MSE Seminar: “Refractory Alloys with Tailored Properties via Interstitial Engineering and Metastability Processing Pathways”


3:00 pm-4:00 pm
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Rhines Hall Room 125
549 Gale Lemerand Drive
Gainesville, FL 32611



The forthcoming era of energy systems, propulsion, space re-entry vehicles, and nuclear reactors points to structural materials that can withstand increasingly extreme thermal environments. Body-centered cubic (BCC) refractory alloys are attracting renewed attention owing to the nature of atomic bonding and internal plastic dissipation pathways, yet at ambient conditions, they tend to exhibit ceramic-like behavior characterized by low toughness and ductility. The design of metastable BCC refractory alloys using oxygen interstitials can potentially unlock properties pivotal for advancing sustainability in harsh environments.

While recent research has explored emerging properties from chemical short-range order and the considerable solubilities of interstitials in BCC refractory multi-principal elements (MPEAs), the focus of this talk is on interstitial engineering (i.e., needing only relatively dilute concentrations) to guide directed phase decomposition pathways. The concept of interstitial engineering emanates from oxygen-induced immiscibility, yielding spinodal decomposition with nanoscale compositional undulations and an emergent dual-phase lamellar structure templated by the spinodal features. O-mediated microstructures reveal strength and damage tolerance reminiscent of advanced steels with the potential for high-temperature structural integrity.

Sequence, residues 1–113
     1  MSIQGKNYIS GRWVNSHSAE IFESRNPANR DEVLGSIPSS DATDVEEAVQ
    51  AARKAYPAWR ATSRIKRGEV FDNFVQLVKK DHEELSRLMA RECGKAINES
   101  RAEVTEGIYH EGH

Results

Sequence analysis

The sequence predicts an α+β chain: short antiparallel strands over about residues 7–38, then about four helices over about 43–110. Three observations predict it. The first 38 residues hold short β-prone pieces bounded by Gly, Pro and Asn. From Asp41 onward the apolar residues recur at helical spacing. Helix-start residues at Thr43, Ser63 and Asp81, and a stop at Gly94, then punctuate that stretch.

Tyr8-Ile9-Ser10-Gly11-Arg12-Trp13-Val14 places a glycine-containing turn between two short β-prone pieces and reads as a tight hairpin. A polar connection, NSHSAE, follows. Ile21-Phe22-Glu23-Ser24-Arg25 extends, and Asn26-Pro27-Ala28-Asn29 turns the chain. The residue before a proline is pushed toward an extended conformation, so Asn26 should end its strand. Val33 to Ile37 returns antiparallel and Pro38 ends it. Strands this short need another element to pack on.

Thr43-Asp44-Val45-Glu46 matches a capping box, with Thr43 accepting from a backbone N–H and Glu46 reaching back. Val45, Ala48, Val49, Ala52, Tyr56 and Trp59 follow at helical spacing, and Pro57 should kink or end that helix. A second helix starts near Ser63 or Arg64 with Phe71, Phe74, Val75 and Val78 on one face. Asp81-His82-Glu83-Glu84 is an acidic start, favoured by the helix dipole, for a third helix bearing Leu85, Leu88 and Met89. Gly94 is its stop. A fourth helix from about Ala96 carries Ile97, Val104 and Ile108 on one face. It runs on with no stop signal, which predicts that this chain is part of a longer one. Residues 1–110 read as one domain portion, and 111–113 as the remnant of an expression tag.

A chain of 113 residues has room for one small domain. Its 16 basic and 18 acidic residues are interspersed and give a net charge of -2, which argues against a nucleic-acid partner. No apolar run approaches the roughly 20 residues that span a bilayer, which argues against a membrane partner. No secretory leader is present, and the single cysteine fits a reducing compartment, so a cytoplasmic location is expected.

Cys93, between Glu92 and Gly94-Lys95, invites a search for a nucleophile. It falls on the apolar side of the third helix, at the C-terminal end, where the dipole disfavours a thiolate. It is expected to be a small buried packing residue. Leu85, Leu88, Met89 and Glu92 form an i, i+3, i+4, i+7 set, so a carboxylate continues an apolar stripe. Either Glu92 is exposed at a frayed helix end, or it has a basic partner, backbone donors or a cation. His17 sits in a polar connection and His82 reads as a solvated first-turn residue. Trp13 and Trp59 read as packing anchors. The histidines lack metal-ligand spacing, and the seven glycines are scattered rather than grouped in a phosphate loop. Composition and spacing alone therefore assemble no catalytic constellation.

Understanding and ultimately taming phase decomposition pathways could open avenues for innovative material design strategies, particularly in emerging manufacturing routes that utilize powder feedstocks inherently exposed to ambient gases.


Ravit Silverstein, Ph.D.

Research Scientist
University of California Santa Barbara

Dr. Ravit Silverstein is a research scientist in the Materials Department at UCSB, where she oversees the Microscopy and Microanalysis Facility. She earned her Ph.D. in Materials Engineering from Ben-Gurion University, in tandem with her position as a research associate at the Applied Physics Division, Soreq Nuclear Research Center, Israel. Following that, she was a post-doctoral fellow in the Materials Department at UCSB from 2018 to 2021. Her research focuses on developing innovative design paradigms based on metastability, and pioneering processing approaches through metastability pathways, utilizing techniques such as spectroscopy, 4D-STEM, and in situ SEM/TEM experiments, along with the development of novel characterization modalities.


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Department of Materials Science & Engineering